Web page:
Vitamin D, Calcium Supplementation Did Not Reduce Recurrent Adenoma Risk
Vitamin D and calcium did not appear to decrease the risk for recurrent colorectal adenomas.
(HealthDay News) — Supplemental vitamin D and calcium do not seem to reduce the risk for recurrent colorectal adenomas, according to a study published in the New England Journal of Medicine.
John A. Baron, MD, from Dartmouth University in Hanover, New Hampshire, and colleagues randomly assigned 2259 patients with recently diagnosed adenomas to receive daily vitamin D3 (1000 IU), calcium as carbonate (1200 mg), both, or neither. Follow-up colonoscopy was expected to be performed 3 or 5 years after the baseline examinations.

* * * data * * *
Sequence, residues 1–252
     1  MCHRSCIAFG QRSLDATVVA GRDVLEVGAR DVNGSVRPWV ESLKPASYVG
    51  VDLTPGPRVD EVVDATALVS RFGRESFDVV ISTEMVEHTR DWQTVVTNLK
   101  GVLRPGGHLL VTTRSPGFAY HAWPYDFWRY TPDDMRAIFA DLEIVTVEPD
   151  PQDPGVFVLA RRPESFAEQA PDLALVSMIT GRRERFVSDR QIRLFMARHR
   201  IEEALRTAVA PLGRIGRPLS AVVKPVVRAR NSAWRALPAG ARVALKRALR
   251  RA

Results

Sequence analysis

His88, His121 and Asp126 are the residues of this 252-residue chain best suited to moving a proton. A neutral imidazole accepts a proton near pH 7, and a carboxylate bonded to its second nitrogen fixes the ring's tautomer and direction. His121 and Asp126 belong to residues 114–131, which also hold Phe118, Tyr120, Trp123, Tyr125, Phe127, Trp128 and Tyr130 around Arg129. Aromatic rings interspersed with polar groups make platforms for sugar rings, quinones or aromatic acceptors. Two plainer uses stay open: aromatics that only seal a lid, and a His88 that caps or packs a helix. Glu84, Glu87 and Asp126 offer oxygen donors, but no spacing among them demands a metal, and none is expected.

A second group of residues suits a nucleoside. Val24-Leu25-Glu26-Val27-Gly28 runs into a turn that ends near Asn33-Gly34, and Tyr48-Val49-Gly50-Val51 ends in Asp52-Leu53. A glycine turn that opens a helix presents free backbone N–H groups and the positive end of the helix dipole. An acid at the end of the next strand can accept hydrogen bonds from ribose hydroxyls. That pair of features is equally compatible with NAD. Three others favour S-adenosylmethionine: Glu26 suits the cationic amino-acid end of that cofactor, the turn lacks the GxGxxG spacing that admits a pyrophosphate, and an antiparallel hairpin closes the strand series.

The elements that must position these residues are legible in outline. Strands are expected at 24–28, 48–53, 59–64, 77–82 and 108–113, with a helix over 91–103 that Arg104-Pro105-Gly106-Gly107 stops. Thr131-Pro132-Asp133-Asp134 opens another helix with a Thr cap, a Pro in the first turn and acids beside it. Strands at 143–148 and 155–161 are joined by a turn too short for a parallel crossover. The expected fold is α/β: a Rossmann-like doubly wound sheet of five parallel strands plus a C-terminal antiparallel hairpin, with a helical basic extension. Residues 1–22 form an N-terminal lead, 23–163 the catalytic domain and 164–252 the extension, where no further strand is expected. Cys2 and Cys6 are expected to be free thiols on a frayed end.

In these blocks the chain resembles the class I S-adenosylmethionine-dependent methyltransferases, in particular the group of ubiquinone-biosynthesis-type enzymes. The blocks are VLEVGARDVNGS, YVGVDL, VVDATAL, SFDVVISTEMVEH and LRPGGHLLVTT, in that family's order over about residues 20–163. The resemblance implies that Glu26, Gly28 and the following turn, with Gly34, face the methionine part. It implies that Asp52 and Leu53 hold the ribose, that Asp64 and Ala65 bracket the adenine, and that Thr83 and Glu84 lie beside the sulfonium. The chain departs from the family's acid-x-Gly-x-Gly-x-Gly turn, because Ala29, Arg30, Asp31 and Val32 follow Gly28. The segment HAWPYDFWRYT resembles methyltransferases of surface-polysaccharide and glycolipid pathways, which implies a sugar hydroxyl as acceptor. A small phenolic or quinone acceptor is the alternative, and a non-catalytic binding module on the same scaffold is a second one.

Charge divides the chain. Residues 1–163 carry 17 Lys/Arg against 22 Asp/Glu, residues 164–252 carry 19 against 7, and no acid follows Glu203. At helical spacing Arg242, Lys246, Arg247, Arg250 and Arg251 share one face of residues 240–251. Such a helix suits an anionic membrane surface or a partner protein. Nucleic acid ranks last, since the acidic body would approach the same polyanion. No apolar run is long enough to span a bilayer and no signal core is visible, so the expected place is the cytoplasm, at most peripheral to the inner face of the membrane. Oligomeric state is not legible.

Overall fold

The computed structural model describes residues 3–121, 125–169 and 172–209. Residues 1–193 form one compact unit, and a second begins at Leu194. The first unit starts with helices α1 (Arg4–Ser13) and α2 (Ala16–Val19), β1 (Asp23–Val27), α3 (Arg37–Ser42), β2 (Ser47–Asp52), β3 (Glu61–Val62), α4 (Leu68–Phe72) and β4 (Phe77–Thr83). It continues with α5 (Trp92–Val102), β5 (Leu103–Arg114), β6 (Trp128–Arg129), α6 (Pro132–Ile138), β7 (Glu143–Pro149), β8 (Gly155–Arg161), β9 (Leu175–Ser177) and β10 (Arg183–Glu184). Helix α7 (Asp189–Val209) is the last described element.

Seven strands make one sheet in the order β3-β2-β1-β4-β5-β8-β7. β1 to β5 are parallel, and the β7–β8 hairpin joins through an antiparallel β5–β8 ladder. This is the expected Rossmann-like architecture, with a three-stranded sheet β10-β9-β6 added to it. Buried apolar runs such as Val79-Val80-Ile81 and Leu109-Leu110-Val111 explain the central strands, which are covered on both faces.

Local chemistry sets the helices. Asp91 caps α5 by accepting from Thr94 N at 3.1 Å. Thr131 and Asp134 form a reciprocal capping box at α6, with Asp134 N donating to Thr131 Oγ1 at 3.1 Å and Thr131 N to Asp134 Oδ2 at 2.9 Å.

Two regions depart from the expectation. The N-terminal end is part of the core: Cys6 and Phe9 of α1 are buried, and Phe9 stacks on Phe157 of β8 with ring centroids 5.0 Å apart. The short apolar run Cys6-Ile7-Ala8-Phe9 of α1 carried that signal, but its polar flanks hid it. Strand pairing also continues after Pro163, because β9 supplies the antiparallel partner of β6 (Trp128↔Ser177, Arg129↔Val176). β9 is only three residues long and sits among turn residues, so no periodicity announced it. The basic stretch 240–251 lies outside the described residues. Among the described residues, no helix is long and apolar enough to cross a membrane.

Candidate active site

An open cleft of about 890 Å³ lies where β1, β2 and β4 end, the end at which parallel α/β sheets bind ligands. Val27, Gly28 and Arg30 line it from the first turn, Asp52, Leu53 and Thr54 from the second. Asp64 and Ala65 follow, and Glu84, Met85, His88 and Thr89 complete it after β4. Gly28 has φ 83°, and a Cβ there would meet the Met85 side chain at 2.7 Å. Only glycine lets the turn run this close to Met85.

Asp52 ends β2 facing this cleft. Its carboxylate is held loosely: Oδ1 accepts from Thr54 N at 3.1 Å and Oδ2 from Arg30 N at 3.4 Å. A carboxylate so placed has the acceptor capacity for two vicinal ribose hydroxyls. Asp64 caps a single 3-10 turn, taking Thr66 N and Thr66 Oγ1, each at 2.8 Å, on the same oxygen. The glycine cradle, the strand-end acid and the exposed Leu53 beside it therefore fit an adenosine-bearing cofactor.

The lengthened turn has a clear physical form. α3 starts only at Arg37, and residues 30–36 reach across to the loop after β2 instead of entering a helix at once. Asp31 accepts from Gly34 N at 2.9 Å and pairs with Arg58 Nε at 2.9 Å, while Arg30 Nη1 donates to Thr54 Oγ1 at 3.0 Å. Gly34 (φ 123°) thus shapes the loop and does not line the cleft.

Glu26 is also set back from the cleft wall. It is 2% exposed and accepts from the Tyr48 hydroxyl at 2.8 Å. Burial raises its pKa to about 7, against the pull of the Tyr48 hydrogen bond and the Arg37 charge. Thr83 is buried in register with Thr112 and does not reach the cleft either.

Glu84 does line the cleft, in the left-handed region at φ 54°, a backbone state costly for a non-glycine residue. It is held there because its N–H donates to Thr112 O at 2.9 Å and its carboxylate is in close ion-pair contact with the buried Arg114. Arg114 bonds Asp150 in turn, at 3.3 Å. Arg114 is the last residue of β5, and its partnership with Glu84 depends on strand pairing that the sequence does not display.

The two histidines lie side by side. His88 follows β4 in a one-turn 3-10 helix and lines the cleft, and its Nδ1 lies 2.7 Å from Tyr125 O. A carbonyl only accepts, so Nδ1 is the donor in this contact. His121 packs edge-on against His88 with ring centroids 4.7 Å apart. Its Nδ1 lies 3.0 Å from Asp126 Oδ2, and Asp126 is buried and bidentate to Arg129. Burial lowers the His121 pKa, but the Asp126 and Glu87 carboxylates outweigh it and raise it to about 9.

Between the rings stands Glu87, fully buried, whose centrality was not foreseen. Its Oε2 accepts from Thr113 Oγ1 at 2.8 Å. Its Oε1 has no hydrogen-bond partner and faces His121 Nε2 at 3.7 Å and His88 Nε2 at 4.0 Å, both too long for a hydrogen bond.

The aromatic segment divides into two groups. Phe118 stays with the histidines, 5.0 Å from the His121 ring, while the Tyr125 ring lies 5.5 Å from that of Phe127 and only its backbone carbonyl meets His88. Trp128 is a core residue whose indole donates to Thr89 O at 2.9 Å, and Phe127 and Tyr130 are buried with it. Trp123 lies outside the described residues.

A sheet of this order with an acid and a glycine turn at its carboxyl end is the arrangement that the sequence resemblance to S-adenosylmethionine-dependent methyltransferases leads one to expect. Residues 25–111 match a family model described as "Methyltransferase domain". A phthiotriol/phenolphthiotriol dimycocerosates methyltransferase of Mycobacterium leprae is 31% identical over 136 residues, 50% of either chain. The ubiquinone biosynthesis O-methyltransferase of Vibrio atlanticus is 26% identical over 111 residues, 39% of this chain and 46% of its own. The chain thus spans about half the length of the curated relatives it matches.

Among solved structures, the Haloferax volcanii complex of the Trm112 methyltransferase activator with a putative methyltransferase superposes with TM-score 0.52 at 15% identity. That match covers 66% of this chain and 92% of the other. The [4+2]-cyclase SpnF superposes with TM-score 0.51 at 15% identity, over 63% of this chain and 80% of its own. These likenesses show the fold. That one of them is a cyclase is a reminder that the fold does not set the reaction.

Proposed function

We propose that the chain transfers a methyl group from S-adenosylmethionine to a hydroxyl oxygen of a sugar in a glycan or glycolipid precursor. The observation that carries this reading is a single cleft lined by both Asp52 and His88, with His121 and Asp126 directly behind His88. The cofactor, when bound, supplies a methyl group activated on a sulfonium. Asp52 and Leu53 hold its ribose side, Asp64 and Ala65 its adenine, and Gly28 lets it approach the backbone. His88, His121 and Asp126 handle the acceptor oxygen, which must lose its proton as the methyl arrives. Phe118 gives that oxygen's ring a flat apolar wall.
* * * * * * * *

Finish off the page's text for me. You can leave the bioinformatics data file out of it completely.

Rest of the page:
The researchers found that participants who received vitamin D had a mean net increase in serum 25-hydroxyvitamin D levels of 7.83 ng/mL compared with participants given placebo. During follow-up, 43% of participants had one or more adenomas diagnosed.
The adjusted risk ratios for recurrent adenomas were 0.99 (95% CI, 0.89-1.09) for those taking vitamin D vs no vitamin D, 0.95 (95% CI, 0.85-1.06) for calcium vs no calcium, and 0.93 (95% CI, 0.8-1.08) for both agents vs neither agent.
"Daily supplementation with vitamin D3 (1000 IU), calcium (1200 mg), or both after removal of colorectal adenomas did not significantly reduce the risk of recurrent colorectal adenomas over a period of 3 to 5 years," the researchers concluded.